Enrolling in Medicare can be daunting; knowing which parts to pick and what clinicians are covered can present a laundry list of questions.
Heather Dyke is the revenue cycle director in the administrative offices of Tryon Medical Partners. Though Heather understands the ins and outs of Medicare, she sympathizes with patients as they approach 65 and get completely overwhelmed.
“Watching my mother go through the arduous process of comparing traditional Medicare and Medicare Advantage plans certainly illustrated just how nuanced this can be,” Heather says. “Having a firm grasp of how the Medicare program works can certainly bring our patients peace of mind”.
Here are the most common myths about Medicare enrollment and coverage, with facts to help you avoid these pitfalls:
Myth: Medicare is free.
Fact: Each part of Medicare can incur a different premium (which is specific to each individual and whether or not you signed up during the Initial Enrollment Period):
- Part A: People who have at least 40 work credits (roughly 10 years of work paying Social Security tax) or qualify based on their spouse’s work history do not pay a premium. All others pay a premium for Part A.
- Part B: All beneficiaries pay a minimum premium of $148.50 (as of 2021). This amount may increase based on your tax return filings.
- Part C (Medicare Advantage): For some Medicare Advantage plans, there is an additional premium that is separate from Parts A and B premiums.
- Part D: Given that these are prescription drug coverage plans sold by private insurance carriers, costs vary. If you go more than 63 days without Part D coverage OR creditable prescription coverage through another source, you will owe a penalty for the life of your Part D coverage.
- Medigap: Enrollees carry an additional variable premium cost.
Myth: I will automatically be enrolled in Medicare or I can enroll at any time I want.
Fact: You will not be automatically enrolled in Medicare upon your 65th birthday if you do not already receive Social Security benefits. For those not already receiving Social Security benefits, you have a seven month Initial Enrollment Period, which runs from three months prior to your 65th birthday to three months following your birthday month. This is true even if you plan to wait to receive Social Security benefits until you are 66 years old. During this Initial Enrollment Period, you can select either Original Medicare (Parts A and B), Medicare Advantage and Part D plans.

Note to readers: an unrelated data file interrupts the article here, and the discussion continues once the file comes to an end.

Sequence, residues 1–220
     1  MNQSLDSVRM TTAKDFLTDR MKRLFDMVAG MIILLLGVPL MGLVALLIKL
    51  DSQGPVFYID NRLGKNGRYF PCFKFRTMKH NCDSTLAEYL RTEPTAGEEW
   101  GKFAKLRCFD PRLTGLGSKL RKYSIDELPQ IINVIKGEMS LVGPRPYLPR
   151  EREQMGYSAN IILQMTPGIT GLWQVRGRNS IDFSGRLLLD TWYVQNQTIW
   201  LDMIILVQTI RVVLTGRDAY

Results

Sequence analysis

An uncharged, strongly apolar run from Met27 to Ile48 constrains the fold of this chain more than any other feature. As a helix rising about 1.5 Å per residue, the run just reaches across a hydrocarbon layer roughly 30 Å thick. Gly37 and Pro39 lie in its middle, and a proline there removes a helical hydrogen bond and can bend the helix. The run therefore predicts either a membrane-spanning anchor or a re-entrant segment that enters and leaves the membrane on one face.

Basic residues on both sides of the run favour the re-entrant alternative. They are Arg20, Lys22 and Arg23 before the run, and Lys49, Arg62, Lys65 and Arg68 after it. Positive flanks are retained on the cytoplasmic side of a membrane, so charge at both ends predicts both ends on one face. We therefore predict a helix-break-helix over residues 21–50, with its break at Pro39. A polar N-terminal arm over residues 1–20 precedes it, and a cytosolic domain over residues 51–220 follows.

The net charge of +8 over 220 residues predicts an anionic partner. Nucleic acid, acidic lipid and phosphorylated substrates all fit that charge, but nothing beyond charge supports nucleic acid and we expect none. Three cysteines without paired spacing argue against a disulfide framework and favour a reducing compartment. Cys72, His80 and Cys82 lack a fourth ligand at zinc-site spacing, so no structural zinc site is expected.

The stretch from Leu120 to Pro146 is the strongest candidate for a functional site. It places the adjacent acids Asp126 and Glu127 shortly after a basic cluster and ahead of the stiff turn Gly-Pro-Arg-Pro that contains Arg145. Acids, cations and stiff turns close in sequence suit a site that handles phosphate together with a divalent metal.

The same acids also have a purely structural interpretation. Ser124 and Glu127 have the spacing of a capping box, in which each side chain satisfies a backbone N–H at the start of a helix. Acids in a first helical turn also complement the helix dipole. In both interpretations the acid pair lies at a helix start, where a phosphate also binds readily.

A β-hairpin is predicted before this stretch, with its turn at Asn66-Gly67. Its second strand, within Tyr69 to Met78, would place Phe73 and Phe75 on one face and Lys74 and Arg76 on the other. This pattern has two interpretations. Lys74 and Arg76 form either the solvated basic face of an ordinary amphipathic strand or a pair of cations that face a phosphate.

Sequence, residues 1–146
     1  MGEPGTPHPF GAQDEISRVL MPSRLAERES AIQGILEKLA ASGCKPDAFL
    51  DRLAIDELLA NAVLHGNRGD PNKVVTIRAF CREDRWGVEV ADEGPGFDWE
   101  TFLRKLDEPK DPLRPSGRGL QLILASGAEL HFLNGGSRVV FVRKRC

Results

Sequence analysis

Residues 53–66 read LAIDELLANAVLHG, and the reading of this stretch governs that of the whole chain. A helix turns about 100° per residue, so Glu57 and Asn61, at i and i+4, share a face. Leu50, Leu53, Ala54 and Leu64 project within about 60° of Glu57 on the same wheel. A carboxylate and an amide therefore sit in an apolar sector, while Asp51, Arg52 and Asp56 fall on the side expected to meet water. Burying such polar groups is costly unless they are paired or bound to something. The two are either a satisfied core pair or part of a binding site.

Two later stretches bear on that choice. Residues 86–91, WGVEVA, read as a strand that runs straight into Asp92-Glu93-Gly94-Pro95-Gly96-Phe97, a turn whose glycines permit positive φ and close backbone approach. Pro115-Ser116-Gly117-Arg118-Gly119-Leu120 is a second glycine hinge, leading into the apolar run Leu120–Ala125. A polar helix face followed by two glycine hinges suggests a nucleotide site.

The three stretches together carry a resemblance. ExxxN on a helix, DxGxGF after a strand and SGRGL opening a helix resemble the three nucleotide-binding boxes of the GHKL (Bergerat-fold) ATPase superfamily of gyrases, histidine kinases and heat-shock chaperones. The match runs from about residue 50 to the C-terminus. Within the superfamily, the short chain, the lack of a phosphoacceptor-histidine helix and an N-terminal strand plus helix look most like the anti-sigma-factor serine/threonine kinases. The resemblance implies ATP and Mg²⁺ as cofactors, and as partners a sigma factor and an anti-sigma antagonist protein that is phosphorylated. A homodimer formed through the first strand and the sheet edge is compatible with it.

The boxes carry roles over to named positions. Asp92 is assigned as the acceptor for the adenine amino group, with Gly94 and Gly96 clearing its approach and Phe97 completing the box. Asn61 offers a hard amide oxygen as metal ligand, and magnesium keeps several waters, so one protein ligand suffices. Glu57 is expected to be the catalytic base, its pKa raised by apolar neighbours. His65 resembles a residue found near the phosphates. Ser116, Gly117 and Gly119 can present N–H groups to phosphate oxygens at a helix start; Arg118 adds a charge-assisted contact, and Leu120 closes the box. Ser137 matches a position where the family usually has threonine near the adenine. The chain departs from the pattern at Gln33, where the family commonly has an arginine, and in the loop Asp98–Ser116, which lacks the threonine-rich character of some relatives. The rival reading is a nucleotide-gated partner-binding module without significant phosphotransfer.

Myth: I’m still working past the age of 65, so I don’t need to worry about Medicare yet.
Fact: Even if you plan to continue working past your 65th birthday, there are many reasons that you should think about enrolling in Medicare. For those working for employers with fewer than 20 employees (or those who are dependents on a spouse’s health insurance that requires Medicare enrollment), beneficiaries must enroll during their Initial Enrollment Period or face penalties. Even in situations where one works for a firm with more than 20 employees, there are instances where it could make sense to enroll in Part A, Part B or Part D. If an employer’s drug coverage is not deemed to be “creditable” (i.e., it is at least as good as a standard Part D plan), you will be required to enroll in a Part D plan during your Initial Enrollment Period or pay a penalty.
Myth: Medicare Advantage and Medigap are the same thing.
Fact: Medicare Advantage plans replace Original Medicare (Parts A and B), while typically offering Part D prescription coverage and additional medical coverage (depending on the plan). Medigap, on the other hand, is a separate private plan that one can buy to cover gaps if one selects to enroll in Original Medicare. It is illegal for beneficiaries to enroll in both Medicare Advantage and Medigap.
Please keep in mind that all Tryon clinicians accept the same Medicare Advantage plans! Familiarize yourself with the insurance Tryon accepts and check out the Medicare DIY section of the Tryon Medical Partners website for more information.